While it may not be on the front pages of the health section every day like Cancer, Multiple Sclerosis (MS) still affects a number of lives across a broad spectrum of the population. One of the most difficult aspects of trying to treat the condition has been trying to get a handle on what actually causes it.
One of the most widespread approaches to Multiple Sclerosis has been a supposed breakthrough treatment referred to as Liberation therapy. While it has only been around for a short time, many experts attempting to unlock the secrets of MS had touted it as an essential ingredient in a treatment regiment.
The theory behind Liberation therapy had been that the narrowing of neck veins would create a back-up of blood on the brain that was responsible for inflammation and the subsequent triggering of MS and its various symptoms. While many considered the treatment to still require further substantiation, a large and extremely vocal group of people involved in research for an MS cure declared that the medical establishment was resisting.
Traditionally, most experts in the area believe that MS is caused by an auto-immune reaction.
Several years later, it appears that many of those same people are now having to eat their words as the vein-narrowing theory has been proven to be false. One of the main reasons appears to be human error during the testing phase. Ultrasound operators may very well have been pressing too hard on the necks of patients during the study – physically causing the veins to appear blocked.
Researchers at McMaster University in Canada have released a damning study that contracts a substantial amount of research conducted at that very institution years before. Dr Ian Rodger was originally on board with the idea that Liberation therapy could be a breakthrough in MS treatment, he declared that the new study has completely changed his mind.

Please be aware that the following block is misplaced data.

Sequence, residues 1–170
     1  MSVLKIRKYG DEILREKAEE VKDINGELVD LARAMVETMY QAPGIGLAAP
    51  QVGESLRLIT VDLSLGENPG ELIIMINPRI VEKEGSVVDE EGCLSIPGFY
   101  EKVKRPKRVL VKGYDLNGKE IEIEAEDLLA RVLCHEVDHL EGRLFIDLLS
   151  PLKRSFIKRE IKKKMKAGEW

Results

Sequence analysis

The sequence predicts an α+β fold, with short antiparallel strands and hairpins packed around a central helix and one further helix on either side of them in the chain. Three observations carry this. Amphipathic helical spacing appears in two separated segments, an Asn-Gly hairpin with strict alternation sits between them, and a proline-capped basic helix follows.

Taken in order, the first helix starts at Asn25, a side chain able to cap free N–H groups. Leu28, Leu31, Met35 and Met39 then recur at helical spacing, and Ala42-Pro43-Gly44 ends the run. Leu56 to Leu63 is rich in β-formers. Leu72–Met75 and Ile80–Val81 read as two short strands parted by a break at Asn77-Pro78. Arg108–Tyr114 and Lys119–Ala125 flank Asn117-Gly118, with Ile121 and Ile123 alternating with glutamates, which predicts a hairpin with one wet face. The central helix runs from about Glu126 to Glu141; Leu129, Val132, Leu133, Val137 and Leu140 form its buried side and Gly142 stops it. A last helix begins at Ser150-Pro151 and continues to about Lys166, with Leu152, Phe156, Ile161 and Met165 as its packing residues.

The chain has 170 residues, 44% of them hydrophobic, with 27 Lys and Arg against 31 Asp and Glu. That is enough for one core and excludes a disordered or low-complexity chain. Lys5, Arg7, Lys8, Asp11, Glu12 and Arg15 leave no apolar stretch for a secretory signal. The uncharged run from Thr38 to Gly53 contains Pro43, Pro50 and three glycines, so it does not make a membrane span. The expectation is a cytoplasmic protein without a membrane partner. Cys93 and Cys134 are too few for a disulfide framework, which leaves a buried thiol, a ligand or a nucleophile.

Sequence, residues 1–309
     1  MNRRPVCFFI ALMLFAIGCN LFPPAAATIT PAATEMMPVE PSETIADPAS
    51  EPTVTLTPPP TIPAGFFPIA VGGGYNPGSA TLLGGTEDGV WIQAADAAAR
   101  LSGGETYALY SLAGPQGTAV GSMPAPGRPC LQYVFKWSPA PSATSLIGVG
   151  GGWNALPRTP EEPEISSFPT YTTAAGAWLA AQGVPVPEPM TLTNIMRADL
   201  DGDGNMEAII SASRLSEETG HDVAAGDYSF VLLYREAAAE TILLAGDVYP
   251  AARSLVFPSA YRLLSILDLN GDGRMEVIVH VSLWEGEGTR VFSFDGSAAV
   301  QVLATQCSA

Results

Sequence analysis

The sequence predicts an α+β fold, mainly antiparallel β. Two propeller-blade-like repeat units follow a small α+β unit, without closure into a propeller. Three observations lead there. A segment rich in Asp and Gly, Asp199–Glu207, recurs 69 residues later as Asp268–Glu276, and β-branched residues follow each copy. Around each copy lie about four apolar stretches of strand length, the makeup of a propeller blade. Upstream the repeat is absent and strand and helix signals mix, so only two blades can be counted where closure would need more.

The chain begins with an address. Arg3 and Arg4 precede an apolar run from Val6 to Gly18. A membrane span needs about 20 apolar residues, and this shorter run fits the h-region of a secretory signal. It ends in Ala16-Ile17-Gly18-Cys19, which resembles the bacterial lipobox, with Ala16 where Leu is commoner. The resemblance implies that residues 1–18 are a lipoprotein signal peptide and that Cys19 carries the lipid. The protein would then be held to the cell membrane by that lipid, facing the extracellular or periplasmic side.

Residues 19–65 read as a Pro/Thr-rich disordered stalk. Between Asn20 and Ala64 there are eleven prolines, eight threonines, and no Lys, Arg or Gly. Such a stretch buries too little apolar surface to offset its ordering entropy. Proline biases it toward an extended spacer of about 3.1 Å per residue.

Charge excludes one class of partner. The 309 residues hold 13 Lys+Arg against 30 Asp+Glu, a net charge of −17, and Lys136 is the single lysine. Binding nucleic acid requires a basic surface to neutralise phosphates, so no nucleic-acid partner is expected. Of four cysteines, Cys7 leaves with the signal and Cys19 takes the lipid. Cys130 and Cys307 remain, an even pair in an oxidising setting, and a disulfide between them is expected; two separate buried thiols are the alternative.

The findings were published in the respected journal PLOS One.
Rodgers stated that “we went in open minded. When we set up the study, we didn’t know what to expect. I guess what we anticipated, like most clinical studies, was that there would be some sort of middle ground… This is black and white.”
The original study that was conducted at McMaster was a prominent reason for many MS sufferers to undergo what was an unproven therapy to fix these apparent vein blockages. When the media picked up the story and began broadcasting it to the masses, government and healthcare providers struggled to keep up with demand. It led to many situations where patients would ignore the advice of their neurologists, who were against the idea that Liberation therapy offered any tangible benefit.
This represents another instance where a small group of individuals were able to advance a flawed agenda thanks to help from the news media. With more studies indicating that doctors are pushing incorrect and unhelpful treatments on patients in all areas of medicine, it’s important for individuals to be empowered with the best health and wellness information.
It’s interesting to me how science follows the money trail when it comes to possible therapies. I’m not getting on my high horse about it. Everyone has to live.. but sometimes I wonder why more ‘accessible’ health alternatives are either ignored or actively discouraged.
So if a rat study shows promise for a disease, what importance does science give it? Here’s a rat-based study on motor neurone disease using hydrogen therapy.